Scalable Algorithm for Resolving Incorrect Occlusion in Dynamic Augmented Reality Engineering Environments
Augmented reality (AR) offers significant potential in construction, manufacturing, and other engineering disciplines that employ graphical visualization to plan and design their operations. As a result of introducing real‐world objects into the visualization, less virtual models have to be deployed to create a realistic visual output that directly translates into less time and effort required to create, render, manipulate, manage, and update three‐dimensional (3D) virtual contents (CAD model engineering) of the animated scene. At the same time, using the existing layout of land or plant as the background of visualization significantly alleviates the need to collect data about the surrounding environment prior to creating the final visualization while providing visually convincing representations of the processes being studied. In an AR animation, virtual and real objects must be simultaneously managed and accurately displayed to a user to create a visually convincing illusion of their coexistence and interaction. A critical challenge impeding this objective is the problem of incorrect occlusion that manifests itself when real objects in an AR scene partially or wholly block the view of virtual objects. In the presented research, a new AR occlusion handling system based on depth‐sensing algorithms and frame buffer manipulation techniques was designed and implemented. This algorithm is capable of resolving incorrect occlusion occurring in dynamic AR environments in real time using depth‐sensing equipment such as laser detection and ranging (LADAR) devices, and can be integrated into any mobile AR platform that allows a user to navigate freely and observe a dynamic AR scene from any vantage position.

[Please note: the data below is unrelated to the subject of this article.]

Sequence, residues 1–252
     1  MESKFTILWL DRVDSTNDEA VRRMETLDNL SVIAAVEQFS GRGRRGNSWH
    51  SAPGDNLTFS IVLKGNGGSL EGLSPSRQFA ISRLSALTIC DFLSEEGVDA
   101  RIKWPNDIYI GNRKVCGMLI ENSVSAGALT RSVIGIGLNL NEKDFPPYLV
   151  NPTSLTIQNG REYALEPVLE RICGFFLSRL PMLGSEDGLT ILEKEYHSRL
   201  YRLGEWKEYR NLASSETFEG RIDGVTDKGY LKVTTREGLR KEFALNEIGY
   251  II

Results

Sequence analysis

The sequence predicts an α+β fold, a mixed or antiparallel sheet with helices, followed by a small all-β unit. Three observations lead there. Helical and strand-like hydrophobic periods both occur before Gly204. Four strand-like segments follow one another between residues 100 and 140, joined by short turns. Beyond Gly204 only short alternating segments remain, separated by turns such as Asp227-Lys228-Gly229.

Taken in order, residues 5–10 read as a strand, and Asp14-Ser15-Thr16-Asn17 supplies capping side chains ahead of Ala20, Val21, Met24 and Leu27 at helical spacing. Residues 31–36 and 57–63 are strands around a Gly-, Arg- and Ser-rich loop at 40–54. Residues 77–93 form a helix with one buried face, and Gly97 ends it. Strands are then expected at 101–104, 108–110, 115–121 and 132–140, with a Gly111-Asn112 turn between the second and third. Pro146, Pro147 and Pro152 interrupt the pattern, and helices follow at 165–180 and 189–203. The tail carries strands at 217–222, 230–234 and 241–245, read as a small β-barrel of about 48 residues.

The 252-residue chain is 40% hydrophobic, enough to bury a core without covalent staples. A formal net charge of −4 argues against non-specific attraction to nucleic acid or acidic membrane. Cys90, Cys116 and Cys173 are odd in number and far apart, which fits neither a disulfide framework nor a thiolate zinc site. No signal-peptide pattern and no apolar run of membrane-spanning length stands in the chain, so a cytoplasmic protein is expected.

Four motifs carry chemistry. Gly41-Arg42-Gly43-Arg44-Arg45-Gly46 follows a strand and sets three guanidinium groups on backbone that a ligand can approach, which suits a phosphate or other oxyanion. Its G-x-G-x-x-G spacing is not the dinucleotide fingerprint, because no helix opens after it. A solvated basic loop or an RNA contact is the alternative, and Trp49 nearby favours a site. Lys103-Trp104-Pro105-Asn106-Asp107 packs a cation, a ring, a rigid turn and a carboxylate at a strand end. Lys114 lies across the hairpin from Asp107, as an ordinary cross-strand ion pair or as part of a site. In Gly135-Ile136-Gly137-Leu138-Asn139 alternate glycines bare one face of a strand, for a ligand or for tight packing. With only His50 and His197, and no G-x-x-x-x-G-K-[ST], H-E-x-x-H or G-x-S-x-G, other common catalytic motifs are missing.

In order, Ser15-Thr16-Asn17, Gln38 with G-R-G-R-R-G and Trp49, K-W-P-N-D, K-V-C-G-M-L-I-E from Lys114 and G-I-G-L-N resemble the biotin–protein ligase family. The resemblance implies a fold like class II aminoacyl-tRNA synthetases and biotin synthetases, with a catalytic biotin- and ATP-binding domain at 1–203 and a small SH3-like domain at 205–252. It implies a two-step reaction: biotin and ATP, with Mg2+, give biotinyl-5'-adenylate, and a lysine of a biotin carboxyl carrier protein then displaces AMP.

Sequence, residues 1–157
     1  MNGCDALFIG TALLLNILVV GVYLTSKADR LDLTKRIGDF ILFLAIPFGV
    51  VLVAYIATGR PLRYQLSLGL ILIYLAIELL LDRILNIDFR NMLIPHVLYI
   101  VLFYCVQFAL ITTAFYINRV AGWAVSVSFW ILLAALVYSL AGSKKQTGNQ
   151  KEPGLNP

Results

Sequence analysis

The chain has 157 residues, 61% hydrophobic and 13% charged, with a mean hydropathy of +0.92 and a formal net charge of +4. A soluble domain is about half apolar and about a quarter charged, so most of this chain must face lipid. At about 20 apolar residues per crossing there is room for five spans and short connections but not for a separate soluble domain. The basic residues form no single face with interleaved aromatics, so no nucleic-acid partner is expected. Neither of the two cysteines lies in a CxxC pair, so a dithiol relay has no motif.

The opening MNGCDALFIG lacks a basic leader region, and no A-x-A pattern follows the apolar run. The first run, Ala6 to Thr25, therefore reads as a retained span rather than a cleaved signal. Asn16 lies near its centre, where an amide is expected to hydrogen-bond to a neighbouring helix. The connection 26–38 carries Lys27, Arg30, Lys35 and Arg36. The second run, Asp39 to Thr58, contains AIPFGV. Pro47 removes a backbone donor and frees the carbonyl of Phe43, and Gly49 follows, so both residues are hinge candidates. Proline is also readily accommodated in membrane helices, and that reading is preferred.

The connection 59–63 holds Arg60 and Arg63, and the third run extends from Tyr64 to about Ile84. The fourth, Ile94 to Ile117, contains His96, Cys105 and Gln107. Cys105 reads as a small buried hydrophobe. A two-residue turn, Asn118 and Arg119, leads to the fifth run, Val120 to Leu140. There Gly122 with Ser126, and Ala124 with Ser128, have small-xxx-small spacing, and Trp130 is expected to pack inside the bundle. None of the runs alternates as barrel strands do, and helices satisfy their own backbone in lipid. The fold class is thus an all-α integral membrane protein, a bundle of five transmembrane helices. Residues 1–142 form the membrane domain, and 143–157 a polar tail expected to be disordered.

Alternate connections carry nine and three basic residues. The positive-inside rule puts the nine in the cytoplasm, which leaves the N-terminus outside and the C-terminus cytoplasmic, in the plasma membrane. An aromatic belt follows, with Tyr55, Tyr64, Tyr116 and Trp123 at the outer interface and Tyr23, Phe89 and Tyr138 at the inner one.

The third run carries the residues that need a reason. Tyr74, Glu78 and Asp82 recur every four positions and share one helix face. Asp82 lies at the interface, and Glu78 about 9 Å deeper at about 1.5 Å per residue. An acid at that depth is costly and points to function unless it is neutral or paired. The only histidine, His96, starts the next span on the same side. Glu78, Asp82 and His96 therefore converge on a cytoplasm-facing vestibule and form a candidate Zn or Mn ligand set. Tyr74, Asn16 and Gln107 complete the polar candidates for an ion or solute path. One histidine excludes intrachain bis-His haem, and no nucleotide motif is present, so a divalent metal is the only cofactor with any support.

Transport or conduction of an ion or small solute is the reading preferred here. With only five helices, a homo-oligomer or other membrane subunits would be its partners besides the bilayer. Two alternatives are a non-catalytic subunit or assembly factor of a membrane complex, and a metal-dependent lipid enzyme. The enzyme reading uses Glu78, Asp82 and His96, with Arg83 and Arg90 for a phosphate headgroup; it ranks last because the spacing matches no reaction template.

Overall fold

Behzadan, Amir H., and Vineet R. Kamat. "Scalable algorithm for resolving incorrect occlusion in dynamic augmented reality engineering environments." Computer‐Aided Civil and Infrastructure Engineering 25, no. 1 (2010): 3-19.
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